When Montezuma Met Cortés has already been reviewed in the New York Review of Books and is available as an audiobook. Not the fate of the average academic tome, the attention evoked by the book speaks to the authority and writing skill of Matthew Restall as well as the perennial interest scholars and general readers alike feel for its topic. The author argues that the traditional narrative of this meeting and of the subsequent “conquest” of the Mexica capital city—Tenochtitlan—amounts to a “mythistory” constructed by Hernando Cortés and other Spaniards, sometimes with indigenous participation. The main elements of this mythical history persist in academic interpretations and popular media, even as Restall and other scholars have debunked this received wisdom.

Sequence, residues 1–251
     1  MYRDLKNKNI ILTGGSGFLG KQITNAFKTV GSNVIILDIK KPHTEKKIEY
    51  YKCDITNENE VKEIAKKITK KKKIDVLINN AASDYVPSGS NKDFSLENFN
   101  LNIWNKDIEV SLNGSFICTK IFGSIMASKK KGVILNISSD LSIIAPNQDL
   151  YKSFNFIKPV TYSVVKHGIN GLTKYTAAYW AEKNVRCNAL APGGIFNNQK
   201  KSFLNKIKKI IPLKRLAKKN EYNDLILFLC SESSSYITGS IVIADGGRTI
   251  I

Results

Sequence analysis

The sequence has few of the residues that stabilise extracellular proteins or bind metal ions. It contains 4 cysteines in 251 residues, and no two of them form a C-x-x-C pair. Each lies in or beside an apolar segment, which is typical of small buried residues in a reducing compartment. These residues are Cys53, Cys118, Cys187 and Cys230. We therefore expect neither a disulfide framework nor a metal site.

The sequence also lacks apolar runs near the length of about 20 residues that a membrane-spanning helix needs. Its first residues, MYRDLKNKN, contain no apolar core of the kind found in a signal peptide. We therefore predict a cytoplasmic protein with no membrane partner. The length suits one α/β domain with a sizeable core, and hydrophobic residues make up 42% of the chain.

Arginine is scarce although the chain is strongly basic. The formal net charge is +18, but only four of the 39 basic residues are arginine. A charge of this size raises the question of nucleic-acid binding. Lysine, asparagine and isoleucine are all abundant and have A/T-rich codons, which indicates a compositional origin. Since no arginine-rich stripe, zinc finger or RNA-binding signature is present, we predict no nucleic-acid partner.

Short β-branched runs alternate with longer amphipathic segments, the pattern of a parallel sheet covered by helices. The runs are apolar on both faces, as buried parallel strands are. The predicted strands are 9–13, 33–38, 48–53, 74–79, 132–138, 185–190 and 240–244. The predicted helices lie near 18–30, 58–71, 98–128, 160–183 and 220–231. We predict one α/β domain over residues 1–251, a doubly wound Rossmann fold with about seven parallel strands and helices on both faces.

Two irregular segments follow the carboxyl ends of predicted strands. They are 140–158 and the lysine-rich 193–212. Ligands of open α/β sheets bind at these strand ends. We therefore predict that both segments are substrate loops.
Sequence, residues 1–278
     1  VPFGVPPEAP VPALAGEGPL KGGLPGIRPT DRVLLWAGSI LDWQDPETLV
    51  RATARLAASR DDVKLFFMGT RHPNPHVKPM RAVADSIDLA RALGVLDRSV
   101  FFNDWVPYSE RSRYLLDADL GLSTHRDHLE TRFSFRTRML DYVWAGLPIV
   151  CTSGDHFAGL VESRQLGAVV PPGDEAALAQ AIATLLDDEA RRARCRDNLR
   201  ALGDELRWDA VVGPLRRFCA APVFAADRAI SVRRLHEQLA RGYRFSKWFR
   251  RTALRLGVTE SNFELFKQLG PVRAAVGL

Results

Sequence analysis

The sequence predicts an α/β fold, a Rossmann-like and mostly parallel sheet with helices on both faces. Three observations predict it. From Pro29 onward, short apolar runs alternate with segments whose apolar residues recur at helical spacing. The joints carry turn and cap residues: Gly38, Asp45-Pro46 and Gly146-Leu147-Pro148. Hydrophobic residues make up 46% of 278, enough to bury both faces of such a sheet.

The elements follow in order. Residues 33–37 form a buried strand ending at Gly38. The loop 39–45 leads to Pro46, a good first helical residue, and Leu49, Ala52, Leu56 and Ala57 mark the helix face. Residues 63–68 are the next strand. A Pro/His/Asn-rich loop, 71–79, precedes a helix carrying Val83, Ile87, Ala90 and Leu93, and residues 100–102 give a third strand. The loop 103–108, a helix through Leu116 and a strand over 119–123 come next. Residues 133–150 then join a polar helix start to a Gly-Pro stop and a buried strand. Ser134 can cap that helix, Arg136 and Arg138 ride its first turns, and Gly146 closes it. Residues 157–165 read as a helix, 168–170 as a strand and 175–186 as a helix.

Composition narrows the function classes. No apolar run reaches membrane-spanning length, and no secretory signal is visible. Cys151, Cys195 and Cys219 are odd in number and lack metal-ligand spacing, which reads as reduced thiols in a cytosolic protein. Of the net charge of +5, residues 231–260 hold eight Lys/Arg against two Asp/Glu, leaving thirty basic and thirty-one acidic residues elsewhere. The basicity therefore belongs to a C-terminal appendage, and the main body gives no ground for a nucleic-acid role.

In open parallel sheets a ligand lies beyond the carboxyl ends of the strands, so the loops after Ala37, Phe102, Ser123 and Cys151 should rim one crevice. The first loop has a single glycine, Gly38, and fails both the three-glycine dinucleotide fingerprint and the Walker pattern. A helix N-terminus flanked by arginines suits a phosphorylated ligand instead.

The mythistory consists of several key elements: First, Moteuczoma (a Nahuatl spelling) was weak and surrendered his rulership and empire without a struggle. Second, Cortés led a small army of Spaniards...

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